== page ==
My kids attend Japanese school Saturday mornings for three hours. They complete their homework throughout the week and my husband, who is a native speaker, is available to help them in the evenings after work.
They also do a little bit of memory work as well as 10-15 minutes a day of Spanish, using Duolingo. We keep this very low-key and mellow.
Time spent on schoolwork usually lasts about five hours, give or take depending on the day. Sometimes we’re fully dressed and alert and other days you’ll find us lounging on the couch in our pj’s.
After daily responsibilities are finished, everyone is free to pursue their own interests until it’s time to get ready for afternoon activities.
Around 2pm, my daughter gets ready for dance and my husband usually arrives home from work. He works long hours on M/W/F and T/Th are shorter days. He and my son spend some quality time together while my daughter and I head to dance. She spends the next few hours at her studio while I come back home to get some work done, do some blogging, and get dinner going.
My husband and son head out for judo around 5pm, where they each do classes back to back. I have dinner ready before I head out to pick my daughter up.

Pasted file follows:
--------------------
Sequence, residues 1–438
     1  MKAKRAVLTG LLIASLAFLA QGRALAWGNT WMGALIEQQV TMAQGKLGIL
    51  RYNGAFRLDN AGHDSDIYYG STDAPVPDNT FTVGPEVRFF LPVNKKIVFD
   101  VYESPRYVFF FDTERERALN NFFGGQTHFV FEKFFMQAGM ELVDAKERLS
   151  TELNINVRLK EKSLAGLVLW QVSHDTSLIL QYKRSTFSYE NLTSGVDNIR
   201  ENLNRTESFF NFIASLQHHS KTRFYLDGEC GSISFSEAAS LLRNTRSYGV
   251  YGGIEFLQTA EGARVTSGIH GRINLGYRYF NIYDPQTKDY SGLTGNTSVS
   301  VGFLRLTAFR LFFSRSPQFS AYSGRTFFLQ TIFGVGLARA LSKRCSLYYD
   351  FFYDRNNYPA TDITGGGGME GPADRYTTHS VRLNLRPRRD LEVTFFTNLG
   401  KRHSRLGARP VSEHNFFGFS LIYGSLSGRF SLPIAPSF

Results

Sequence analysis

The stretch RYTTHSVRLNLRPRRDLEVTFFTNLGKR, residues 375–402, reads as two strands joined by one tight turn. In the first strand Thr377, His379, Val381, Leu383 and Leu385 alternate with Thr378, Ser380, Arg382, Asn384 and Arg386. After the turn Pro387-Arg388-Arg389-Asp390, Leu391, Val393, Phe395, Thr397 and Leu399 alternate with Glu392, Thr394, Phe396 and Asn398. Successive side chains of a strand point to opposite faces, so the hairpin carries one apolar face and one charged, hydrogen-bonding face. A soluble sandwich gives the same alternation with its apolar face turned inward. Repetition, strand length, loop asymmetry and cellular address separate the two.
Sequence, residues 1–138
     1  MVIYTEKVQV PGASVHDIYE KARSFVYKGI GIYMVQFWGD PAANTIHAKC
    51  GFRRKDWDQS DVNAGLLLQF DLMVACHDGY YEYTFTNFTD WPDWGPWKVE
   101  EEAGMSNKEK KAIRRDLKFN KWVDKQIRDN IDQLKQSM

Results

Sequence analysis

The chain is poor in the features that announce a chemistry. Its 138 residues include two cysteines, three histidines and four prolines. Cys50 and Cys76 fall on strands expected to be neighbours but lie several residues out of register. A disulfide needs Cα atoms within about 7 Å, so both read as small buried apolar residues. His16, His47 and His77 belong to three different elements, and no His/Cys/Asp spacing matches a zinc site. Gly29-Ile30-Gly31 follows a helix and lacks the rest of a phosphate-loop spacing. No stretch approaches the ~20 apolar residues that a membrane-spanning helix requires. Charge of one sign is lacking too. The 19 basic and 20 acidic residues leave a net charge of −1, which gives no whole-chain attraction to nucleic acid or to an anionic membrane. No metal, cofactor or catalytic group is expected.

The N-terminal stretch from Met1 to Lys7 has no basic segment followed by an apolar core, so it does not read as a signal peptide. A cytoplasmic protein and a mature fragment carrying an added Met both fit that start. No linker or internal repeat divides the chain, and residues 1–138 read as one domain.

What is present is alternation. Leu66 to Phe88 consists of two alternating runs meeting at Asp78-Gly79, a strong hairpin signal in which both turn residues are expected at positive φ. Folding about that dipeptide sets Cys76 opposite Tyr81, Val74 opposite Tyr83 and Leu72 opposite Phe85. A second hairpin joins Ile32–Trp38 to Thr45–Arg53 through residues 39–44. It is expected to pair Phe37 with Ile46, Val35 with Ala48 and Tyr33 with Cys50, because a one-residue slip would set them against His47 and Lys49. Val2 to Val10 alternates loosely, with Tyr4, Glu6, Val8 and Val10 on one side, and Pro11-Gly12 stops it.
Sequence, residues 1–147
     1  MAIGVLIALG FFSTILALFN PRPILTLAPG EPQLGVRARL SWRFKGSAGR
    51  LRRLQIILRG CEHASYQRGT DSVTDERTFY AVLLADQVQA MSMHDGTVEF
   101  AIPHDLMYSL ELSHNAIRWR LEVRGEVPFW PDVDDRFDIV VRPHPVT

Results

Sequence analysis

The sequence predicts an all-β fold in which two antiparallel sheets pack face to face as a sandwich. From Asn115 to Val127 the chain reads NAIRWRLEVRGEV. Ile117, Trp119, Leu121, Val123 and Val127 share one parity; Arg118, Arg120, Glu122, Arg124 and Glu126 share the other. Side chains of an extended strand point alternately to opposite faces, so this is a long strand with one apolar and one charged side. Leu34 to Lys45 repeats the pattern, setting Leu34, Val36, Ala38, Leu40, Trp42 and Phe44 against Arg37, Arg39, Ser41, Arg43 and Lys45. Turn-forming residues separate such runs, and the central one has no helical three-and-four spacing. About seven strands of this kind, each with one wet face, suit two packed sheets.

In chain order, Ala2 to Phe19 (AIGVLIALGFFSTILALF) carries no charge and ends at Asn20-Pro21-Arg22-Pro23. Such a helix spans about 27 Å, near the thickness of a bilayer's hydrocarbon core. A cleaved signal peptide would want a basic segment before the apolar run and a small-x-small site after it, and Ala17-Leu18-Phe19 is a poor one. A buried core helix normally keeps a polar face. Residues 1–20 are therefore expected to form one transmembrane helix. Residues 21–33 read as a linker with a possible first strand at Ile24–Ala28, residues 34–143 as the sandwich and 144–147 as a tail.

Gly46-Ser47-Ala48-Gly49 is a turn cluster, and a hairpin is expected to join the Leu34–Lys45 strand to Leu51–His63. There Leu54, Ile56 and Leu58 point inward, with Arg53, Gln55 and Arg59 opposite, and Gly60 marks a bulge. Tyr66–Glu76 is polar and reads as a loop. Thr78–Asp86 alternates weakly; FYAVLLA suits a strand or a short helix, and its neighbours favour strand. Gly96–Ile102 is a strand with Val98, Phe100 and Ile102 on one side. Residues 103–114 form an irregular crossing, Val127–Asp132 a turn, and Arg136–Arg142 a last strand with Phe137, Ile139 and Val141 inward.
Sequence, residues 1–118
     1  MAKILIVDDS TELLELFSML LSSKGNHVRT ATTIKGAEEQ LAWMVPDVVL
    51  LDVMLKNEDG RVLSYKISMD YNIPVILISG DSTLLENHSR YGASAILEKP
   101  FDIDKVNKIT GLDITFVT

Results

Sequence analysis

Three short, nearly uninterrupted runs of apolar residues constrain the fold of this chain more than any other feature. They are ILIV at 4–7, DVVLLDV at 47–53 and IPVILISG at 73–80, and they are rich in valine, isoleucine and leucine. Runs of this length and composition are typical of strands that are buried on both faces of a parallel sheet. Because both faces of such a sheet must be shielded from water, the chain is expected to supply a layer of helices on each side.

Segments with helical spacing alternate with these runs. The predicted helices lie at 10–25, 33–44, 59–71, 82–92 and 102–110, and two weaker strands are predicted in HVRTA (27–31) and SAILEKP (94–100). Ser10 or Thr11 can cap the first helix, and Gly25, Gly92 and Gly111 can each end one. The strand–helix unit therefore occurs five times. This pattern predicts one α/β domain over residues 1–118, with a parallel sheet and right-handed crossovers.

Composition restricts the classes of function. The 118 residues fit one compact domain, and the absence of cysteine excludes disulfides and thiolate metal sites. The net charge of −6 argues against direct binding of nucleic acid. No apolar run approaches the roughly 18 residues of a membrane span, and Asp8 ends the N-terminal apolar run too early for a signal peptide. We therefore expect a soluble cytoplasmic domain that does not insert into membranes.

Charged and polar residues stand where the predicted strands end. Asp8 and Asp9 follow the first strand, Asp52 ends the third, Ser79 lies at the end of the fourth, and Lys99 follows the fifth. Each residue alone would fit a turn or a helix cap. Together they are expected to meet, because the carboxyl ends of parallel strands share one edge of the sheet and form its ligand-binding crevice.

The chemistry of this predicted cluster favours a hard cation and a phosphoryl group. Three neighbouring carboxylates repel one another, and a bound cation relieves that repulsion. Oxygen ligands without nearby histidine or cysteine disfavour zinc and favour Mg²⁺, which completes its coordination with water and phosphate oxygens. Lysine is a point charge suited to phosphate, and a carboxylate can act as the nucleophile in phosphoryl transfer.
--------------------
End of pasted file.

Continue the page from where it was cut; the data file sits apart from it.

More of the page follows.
Once we’re all back at home it’s just after 8pm. We have a late dinner, (typical for our family) and then shower, watch a show or read, and head off to bed. I aim to have the kids in their rooms by 10pm and I try to be asleep by 11pm.
But we’re night owls and I hardly ever tell my kids to turn off the lights and go to bed when they’re reading a book.
This is one of the many reasons I’m so grateful for homeschooling. Knowing that my kiddos can sleep in makes late afternoon and evening activities possible because I know their sleep won’t be compromised.
my homeschooling day in the life definitely looks different depending on what day of the week it is.
Because This year, no two days look the same around here.
The tween and teen years are a roller coaster ride of hormones and emotions, for sure! But we are continuing to enjoy learning and growing alongside one another, just as we always have.
While our routine and rhythm definitely look different from our early homeschooling years, there is a beauty and richness that is taking place right now. I am so grateful to be able to witness it firsthand!
Thanks for letting me share this snapshot of my homeschooling day in the life with you. I’d LOVE to learn more about what YOUR homeschooling day in the life is like, so please feel free to reply in the comments.